Centrist bias


The founders of the Indian Constitution cannot be faulted for framing a Constitution with an explicit ‘Centrist bias’, considering the background of Partition (Op-ed page, “The Indian Constitution’s unitary tilt,” Nov. 9). Perhaps they hoped that the democratic process would deepen in the years to come and electoral reforms would follow. This has not happened, as amply revealed by the lack of any meaningful electoral reforms. A single-party dominance would not have occurred had India switched to proportional representation. As a consequence, the Bharatiya Janata Party, which secured 37.36% of votes, is now in a position to initiate changes which have far-reaching implications. The declaration of a few States that they will not implement the Centre’s moves on citizenship is unlikely to have any significant impact. More than legality, it is the fiscal dimension that is going to dampen the activism of States. In India’s fiscal federalism, powers are disproportionately tilted in favour of the Centre. The Goods and Services Tax has further exacerbated this. Part of the problem lies in the unwillingness of the States to tap the potential of the assigned taxes. Kerala, which is in the forefront of the opposition to the Centre, is in deep fiscal stress and mostly dependent on the Centre to meet its committed items of expenditure. The message that comes out of the recent developments seems to be: to fight the centralisation tendencies, the States have to become more fiscally independent.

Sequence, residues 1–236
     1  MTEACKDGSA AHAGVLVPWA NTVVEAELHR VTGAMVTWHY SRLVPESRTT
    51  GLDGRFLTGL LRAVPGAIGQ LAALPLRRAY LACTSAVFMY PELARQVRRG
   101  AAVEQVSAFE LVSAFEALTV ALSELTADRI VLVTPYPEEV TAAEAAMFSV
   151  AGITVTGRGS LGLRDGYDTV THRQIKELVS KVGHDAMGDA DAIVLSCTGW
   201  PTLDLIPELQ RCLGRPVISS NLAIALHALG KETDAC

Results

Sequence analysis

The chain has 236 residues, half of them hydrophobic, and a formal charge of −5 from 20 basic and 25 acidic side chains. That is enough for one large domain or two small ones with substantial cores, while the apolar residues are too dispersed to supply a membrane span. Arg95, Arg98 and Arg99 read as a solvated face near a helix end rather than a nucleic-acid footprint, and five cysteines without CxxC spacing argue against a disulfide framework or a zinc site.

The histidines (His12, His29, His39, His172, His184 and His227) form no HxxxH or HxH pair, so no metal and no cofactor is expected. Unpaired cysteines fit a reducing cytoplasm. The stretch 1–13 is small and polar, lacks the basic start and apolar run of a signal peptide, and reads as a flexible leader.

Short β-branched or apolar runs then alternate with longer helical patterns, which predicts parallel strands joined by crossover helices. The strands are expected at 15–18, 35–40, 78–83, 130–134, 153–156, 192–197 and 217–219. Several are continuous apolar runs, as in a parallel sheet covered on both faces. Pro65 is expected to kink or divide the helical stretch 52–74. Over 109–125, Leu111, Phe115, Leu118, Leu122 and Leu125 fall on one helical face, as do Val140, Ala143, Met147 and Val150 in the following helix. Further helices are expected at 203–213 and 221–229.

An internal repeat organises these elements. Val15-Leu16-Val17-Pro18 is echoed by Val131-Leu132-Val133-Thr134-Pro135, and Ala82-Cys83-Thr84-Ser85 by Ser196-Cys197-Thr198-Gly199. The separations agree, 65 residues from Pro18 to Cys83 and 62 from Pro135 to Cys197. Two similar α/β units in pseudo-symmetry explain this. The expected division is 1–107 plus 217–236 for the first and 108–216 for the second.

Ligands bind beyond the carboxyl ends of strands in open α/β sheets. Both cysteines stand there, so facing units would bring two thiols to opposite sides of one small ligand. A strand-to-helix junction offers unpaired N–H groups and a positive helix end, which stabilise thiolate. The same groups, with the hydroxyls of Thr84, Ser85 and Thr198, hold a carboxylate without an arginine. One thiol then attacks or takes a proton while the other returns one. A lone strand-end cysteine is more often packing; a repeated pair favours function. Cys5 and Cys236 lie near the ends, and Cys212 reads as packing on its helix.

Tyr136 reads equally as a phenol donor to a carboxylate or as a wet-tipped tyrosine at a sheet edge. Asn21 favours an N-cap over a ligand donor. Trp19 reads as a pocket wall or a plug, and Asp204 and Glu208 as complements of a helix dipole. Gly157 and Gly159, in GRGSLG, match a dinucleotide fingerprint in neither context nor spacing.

Jose Sebastian,


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Printable version | Jan 20, 2020 4:15:14 PM | https://www.thehindu.com/opinion/letters/centrist-bias/article30527769.ece

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